I have some experience in what it is to be the subject of a smear campaign. Someone from my past has gone to a great deal of trouble to distort everything I have ever done or said to make me out to be a bad person. He is obsessed with his vendetta, and he carries it on while stalking my blog and reading my posts obsessively, at all hours of the night and day, from different locations.

So I have some sympathy for what Harris is going through now, on many levels. He’s telling the truth and being scorned, castigated, and defamed for it.

The thing is, there is no reasoning with malice. Harris is trying to present a rational thesis to irrational people: knee-jerk liberals.

I have never met more close-minded, self-certain, impregnable-to-logic people than knee-jerk liberals. Especially since Obama took office, their sanctimony and self-righteousness has become a bell jar bulwark against any kind of reason or logic.

I voted for Obama the first time. However, I grew disillusioned. I believe in women’s rights, reproductive freedom, gay rights, social justice, and gun control. So far, OK.

But I also believe in citizen privacy, supporting and encouraging small American businesses (not Wall Street and not Socialism), supporting Israel, accountability and oversight for multi-national corporations that function as sovereign nation-states, and getting the Health Insurance companies to pay for universal Health care (not the states).

I also find it extraordinarily hypocritical that Obama’s tactic is to rally people against “the Have’s” when he has taken more vacations, and more expensive vacations, and played more golf, than any president in history. So many of his supporters are the Limousine liberals of Wall Street, which may be why he bailed them out.

Whenever I have been asked by liberals, “Why don’t you like Obama?” I answer with the aforementioned reasons–citizen privacy, etc–the lengthy list of policies and presidential actions with which I do not agree. Inevitably, the liberals tell me, “You are racist.”

I provide a rational explanation that has nothing to do with the pigment in President Obama’s skin, but knee-jerk liberals can’t hear the logic. They reflexively answer with their standard dismissal of all criticism for Obama: “You are racist.”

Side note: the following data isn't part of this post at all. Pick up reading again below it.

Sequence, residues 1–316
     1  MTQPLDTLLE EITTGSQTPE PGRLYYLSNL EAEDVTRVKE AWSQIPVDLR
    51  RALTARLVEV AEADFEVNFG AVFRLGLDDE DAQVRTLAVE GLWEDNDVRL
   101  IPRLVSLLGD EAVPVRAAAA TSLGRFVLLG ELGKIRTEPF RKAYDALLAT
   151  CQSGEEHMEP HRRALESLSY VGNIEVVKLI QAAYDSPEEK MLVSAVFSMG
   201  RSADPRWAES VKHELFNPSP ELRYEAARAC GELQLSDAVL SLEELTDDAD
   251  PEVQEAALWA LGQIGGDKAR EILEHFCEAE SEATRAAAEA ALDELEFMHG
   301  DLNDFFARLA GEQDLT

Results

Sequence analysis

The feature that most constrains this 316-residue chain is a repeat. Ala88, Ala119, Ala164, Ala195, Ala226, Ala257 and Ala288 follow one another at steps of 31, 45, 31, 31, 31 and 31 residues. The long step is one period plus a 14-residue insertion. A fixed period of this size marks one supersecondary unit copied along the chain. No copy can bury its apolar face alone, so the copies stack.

Racism is a great social evil. It’s as bad as the misogyny in traditional Islam. I stand for the dissolution of racism and misogyny. Yes, I am equating them. Shouldn’t anyone who believes in social justice do so?

Back to Sam Harris. I support his intelligent, reasonable words and I support his right to speak them. I just doubt he’ll get anywhere with them. For one, traditional Muslims don’t want to hear what he’s saying. The many peace-loving, good Muslims are probably a bit ashamed of the intolerance, bigotry, and violence–and they perhaps feel at a loss for what to do about it. After all, the necessary end to an insistence on purity is terrorism, and Islam insists on purity.

For two, knee-jerk liberals can not hear or receive Harris’ message. They are closed and unavailable to discourse. They do not want to do the research and see truthful implications. They are just about solely interested in promoting their own ideology.

But I hope Sam Harris doesn’t give up. I hope he keeps defending himself and stating his views. I support what he says.

Sam Harris

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Bill Maher exposing liberal hypocrisy about Islam

There are many things on which I do not agree with Bill Maher. However, I have wondered for a long time about the issues about which he speaks.

Why do “liberals” throw hissy fits about so many things, but never about the gross human rights violations that are endemic to the Islamic treatment of women?

I think he’s right about Islam, and I’m glad he’s speaking out.

I’m also ashamed of my alma mater Yale for refusing to let a mutilated woman speak about the outrages that were perpetrated on her in the name of Islam.

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Identity Theft

A blog post on Identity Theft.

Someone I know used my name to send a gift to a third party. Then my private email was posted to that transaction. All of this without my foreknowledge.

This person who committed this act is generally a good person–intelligent, well-meaning, generous, well educated.  Deleted: Subsequent actions by this person showed that this person is bat-crap psycho crazy.

But this breaching-of-my-privacy shocked the hell out of me. Not even my husband would sign my name and private email without asking my permission first. He certainly would never impersonate me.

Almost certainly, the person who did this does not know how much I am invested in privacy. That’s one of the reasons I stopped supporting Obama: his big brother NSA scanning my emails just didn’t work for me.

I’m actually shocked that so few people are complaining about Obama’s NSA tactics. HAS NO ONE READ 1984 by George Orwell?????? Here’s what Wikipedia says about that novel:

Nineteen Eighty-Four, sometimes published as 1984, is a dystopian novel by George Orwell published in 1949.[1][2] The novel is set in Airstrip One (formerly known as Great Britain), a province of the superstate Oceania in a world of perpetual war, omnipresent government surveillance, and public manipulation, dictated by a political system euphemistically named English Socialism (or Ingsoc in the government’s invented language, Newspeak) under the control of a privileged Inner Party elite that persecutes all individualism and independent thinking as “thoughtcrimes“.[3] “